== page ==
Counselor Education and Supervision: On-Line Peer Review Editing, On-Line Submissions, and Publishing Articles on the World Wide Web

By Smaby, Marlowe H.; Maddux, Cleborne D. et al. | Counselor Education and Supervision, March 2001 | Go to article overview

Counselor Education and Supervision: On-Line Peer Review Editing, On-Line Submissions, and Publishing Articles on the World Wide Web


Smaby, Marlowe H., Maddux, Cleborne D., Zirkle, Denise S., Henderson, Norma J., Counselor Education and Supervision


The authors describe a 5-phase implementation plan in which the staff of Counselor Education and Supervision will use the World Wide Web (the Web) for editing manuscripts for the journal, and potential authors will use the Web for submitting manuscripts for publication consideration. Documentation of the steps taken may provide guidance and help for current and future editors of academic journals. In addition, possible future uses of the Web and the Internet for expanding and enhancing publication options beyond traditional print media are discussed.

There have been phenomenal increases during the last few years in the size and popularity of the Internet and the World Wide Web (the Web). Although estimates vary, the Web is currently approaching one billion pages (Murphy, 1998). Because of this growth, the Web is beginning to affect nearly every walk of life. It is no surprise, therefore, that staff of scholarly publications are beginning to use the new electronic media. This trend has been accelerated by the rising costs that are associated with traditional print publishing and by financial crises faced by many university libraries. To respond to these financial problems and to capitalize on the popularity of the Internet and the Web, publishers and editors of scholarly journals have begun to look to these new resources for alternatives to traditional hard-copy publishing.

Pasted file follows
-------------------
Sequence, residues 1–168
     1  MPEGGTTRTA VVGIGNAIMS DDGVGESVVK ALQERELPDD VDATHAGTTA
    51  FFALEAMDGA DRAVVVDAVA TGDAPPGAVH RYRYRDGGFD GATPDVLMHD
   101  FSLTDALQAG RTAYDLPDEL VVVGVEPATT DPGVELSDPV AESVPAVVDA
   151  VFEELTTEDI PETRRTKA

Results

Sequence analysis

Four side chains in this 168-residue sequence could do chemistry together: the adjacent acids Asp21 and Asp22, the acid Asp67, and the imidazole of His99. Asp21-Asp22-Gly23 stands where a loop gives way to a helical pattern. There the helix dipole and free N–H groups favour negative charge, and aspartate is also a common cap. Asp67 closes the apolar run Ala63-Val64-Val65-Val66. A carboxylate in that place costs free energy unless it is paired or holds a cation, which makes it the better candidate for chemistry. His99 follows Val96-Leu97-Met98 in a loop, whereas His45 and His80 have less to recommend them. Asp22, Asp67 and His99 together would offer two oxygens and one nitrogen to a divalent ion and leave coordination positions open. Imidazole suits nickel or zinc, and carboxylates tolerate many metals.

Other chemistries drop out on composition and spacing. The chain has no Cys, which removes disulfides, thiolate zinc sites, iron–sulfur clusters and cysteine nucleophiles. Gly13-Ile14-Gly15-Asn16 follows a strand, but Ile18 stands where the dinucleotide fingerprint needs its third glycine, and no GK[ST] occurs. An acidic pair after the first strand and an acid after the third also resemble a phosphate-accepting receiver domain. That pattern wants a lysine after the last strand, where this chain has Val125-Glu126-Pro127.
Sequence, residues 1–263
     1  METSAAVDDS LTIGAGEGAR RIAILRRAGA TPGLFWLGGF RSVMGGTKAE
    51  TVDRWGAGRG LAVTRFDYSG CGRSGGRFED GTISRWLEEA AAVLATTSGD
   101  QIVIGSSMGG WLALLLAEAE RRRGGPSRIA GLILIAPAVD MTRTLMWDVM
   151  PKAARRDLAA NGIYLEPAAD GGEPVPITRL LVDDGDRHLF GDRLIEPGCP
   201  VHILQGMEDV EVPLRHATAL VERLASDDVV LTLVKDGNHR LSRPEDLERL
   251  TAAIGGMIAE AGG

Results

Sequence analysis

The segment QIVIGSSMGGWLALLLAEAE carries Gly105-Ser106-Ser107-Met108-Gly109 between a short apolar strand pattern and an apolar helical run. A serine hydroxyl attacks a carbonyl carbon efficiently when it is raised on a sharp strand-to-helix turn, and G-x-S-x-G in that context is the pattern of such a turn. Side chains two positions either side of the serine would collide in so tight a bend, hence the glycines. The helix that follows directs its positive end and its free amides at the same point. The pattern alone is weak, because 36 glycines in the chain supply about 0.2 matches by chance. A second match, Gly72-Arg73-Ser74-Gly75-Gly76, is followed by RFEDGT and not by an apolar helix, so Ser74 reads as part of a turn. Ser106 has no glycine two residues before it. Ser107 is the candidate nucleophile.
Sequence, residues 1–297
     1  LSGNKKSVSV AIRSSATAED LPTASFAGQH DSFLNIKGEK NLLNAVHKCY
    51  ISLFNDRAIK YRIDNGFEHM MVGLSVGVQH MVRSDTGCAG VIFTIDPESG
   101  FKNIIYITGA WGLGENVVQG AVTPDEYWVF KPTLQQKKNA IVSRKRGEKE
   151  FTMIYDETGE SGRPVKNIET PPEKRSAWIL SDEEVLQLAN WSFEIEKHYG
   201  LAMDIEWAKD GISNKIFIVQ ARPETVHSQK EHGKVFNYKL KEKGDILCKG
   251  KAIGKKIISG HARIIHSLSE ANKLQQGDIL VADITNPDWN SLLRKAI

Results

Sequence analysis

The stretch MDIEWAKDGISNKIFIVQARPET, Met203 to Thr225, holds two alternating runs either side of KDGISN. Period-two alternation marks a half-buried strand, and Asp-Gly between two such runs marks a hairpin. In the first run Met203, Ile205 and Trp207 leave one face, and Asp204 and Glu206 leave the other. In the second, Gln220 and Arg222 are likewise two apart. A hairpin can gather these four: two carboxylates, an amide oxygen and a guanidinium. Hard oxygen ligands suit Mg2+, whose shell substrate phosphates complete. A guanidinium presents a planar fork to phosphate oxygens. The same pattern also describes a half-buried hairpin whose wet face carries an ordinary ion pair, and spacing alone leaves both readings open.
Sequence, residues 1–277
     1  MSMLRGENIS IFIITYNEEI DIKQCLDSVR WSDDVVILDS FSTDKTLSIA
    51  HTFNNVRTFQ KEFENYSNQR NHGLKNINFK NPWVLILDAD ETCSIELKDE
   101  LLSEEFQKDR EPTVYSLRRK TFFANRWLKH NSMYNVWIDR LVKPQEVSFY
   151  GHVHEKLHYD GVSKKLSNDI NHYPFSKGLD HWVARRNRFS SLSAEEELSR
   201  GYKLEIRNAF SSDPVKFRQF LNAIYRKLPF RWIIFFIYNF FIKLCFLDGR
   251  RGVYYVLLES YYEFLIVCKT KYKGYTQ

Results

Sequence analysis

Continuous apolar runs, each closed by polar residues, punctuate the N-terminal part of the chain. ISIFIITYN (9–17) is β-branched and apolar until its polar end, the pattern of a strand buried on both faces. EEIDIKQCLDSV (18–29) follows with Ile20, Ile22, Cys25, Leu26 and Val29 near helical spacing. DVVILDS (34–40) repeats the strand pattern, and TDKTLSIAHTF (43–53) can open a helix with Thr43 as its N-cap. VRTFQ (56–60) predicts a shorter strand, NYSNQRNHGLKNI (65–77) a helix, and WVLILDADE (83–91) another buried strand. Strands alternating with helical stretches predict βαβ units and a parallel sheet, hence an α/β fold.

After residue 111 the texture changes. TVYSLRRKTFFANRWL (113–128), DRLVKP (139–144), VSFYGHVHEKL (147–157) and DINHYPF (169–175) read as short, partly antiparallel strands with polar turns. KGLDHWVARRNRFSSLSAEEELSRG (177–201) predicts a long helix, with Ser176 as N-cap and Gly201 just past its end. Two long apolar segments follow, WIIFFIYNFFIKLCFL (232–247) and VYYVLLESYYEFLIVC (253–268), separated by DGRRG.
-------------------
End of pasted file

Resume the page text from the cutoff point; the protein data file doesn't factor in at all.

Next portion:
According to O'Donnell (1995), electronic publishing was competing with traditional publishing as early as 1995. At that time, he made the following prediction:

   Extrapolating from the success of journals that are currently published
   electronically, it is clear that electronic media will capture a large
   share of scholarly publication in the next five years, and that printed
   media will not be competitive in journal publication beyond a few more
   decades. (p. 183)

According to Wood (1998), "the introduction and wide acceptance of the Internet, and in particular the World Wide Web by researchers ... has provided exciting new opportunities for experimenting with the process of scholarly communication" (p. 173). Tomlins (1998) goes even further, suggesting that editors have "an absolute obligation to respond to the development of electronic publication" (p. 136).

Journal editors have adopted a variety of schemes for integrating the Internet and the Web into their editorial procedures. Anderson (1997) identifies four categories or models:

1. Publications that are available only on the Web

2. Publications that contain 50% to 100% of hard-print articles, often enhanced with additional material

3. Internet or Web-based tables of contents and abstracts of the hard-print articles with the option for viewers to purchase full-text downloads of the articles

4. Tables of contents that are intended to help market subscriptions to potential users

During the past 2 years, the staff of Counselor Education and Supervision (CES) has been moving from traditional editorial procedures to using on-line submissions, reviewing, and editing of manuscripts. In making these changes, we realized quickly the importance of training everyone who is involved in these procedures. This point is also emphasized by O'Donnell (1995), who maintains that effective training is crucial to the success of the process.

The purpose of this editorial is (a) to describe the steps taken by the editor of CES for using the Web for on-line peer review editing, (b) to present plans for providing future on-line training for authors who use the Web to submit manuscripts for publication consideration, and (c) to explore possibilities for supplementing hard-copy journal issues with articles that are published on the Web.

A Five-Phase Implementation Plan

The editor of CES decided to move from traditional to on-line procedures, using a series of phases or steps, each of which involved a more ambitious implementation of on-line procedures.

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